An Irish immigrant lands in 1950s Brooklyn, where she quickly falls into a romance with a local. When her past catches up with her, however, she must choose between two countries and the lives that exist within.
Ireland, early-1950s. Eilis Lacey is a young woman working in a grocery shop. She has greater ambitions and moves to Brooklyn, New York, leaving her mother and sister, Rose, behind. She is terribly homesick but eventually settles down, finding a job, studying to be a bookkeeper and meeting a nice young man, Tony. Things are going well but then she learns that Rose has died, and decides to return to Ireland, temporarily. She and Tony hastily get married and then she sets off back to Ireland, alone. Life is about to get complicated...Written by
The book features a dream sequence in which Eilis deals with her homesickness. It was originally set to be featured in the script, but was ultimately cut. In the book, Eilis has a dream where she is drifting over the cliffs and you can see her hometown in the distance. Director John Crowley considered it beautiful and was eager to have the scene in the film, but screenwriter Nick Hornby said the idea would have been a cliché. See more »
The telephone cord on the Brooklyn phone is a twirly type that was not used until the late 50's. See more »
Miss Kelly wants to talk to you later.
Not if what you're going to say will cause trouble for me in some way or another.
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What a great film can do to a seemingly ordinary character
Brooklyn is a film about Eilis, who crosses the Atlantic to America in the 1950s. She is a mildly career-motivated young Irish woman who is handed a dream opportunity without ever asking for it. Contrary to what typical immigrant protagonists are like, she neither really works her way up to success nor once finds herself in a life-and-death situation. Rather, this film shows us that a woman of just a usual background can tell an important story that is surprisingly relevant to us all.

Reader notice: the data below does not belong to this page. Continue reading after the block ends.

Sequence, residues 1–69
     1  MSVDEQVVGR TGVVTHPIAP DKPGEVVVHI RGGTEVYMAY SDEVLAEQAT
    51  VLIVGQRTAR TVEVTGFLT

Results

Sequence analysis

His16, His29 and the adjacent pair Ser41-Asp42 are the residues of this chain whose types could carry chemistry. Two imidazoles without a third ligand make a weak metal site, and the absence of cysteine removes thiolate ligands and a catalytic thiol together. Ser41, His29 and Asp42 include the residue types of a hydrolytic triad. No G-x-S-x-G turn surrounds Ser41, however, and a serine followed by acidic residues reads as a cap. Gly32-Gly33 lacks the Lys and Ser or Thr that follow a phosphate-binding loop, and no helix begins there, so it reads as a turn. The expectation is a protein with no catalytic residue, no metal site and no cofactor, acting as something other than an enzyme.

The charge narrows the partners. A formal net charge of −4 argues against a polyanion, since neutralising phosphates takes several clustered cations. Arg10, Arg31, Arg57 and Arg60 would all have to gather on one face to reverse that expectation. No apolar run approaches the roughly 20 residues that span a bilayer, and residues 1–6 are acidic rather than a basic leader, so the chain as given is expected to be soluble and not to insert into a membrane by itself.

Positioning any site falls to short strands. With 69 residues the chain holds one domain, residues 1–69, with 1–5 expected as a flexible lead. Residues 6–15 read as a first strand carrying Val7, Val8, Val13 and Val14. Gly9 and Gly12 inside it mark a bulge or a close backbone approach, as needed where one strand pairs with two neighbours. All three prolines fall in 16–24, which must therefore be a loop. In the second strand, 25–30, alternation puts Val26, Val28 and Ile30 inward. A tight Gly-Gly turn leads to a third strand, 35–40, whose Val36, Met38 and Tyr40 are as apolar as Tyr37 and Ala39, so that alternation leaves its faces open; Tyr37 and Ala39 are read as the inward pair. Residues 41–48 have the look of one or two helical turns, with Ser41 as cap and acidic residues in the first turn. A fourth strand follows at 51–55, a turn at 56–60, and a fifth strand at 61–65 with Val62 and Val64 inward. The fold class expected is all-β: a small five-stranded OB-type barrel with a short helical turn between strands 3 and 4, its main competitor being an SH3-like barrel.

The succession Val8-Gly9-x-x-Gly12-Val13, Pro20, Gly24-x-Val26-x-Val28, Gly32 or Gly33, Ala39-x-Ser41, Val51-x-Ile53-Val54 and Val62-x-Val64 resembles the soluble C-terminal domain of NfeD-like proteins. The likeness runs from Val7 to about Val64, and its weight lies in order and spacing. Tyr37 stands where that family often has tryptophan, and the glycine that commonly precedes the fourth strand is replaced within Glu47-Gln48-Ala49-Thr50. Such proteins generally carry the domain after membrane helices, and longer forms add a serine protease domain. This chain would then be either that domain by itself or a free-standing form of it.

The main contributor to that surprise is the lead actress, Saoirse Ronan, who plays her role meticulously while also constantly owning the tone of the film. Her delicate and sincere portrayal makes all Eilis's issues, however selfish or insignificant they may seem at first, materialize in your mind, and makes you hope that her pain will somehow ease. Already a one-time Oscar nominee, Ronan reaffirms her acting strength with this exceptional performance. Of all emerging young adult lead actresses, she is likely the most charismatic one in 5 years since Jennifer Lawrence in Winter's Bone.
From start to finish, Eilis feels just like a girl-next-door. That homey feeling extends to Emory Cohen's Tony, an Italian plumber she meets in the New World. With their small height difference, she almost towers over him in her shoes as they stroll outside, which, helped by their natural chemistry, gives them the authenticity of a couple that you might actually know in real life, as opposed to one of Hollywood's ideal.
This film is a remedy for anyone who is losing faith in good filmmaking. It is a splendid reminder that you can tell a great story without resorting to excessive twists and effects. With the remarkable performances from the entire cast, there is hardly a dull minute in the film, and it only gets more interesting towards the end. Speaking of the end, Eilis's tips to a new immigrant she meets at the end still hold very true today. They are not only the best advice that you could ever hear from anyone, but also evidence that America is and has always been the land of opportunity.
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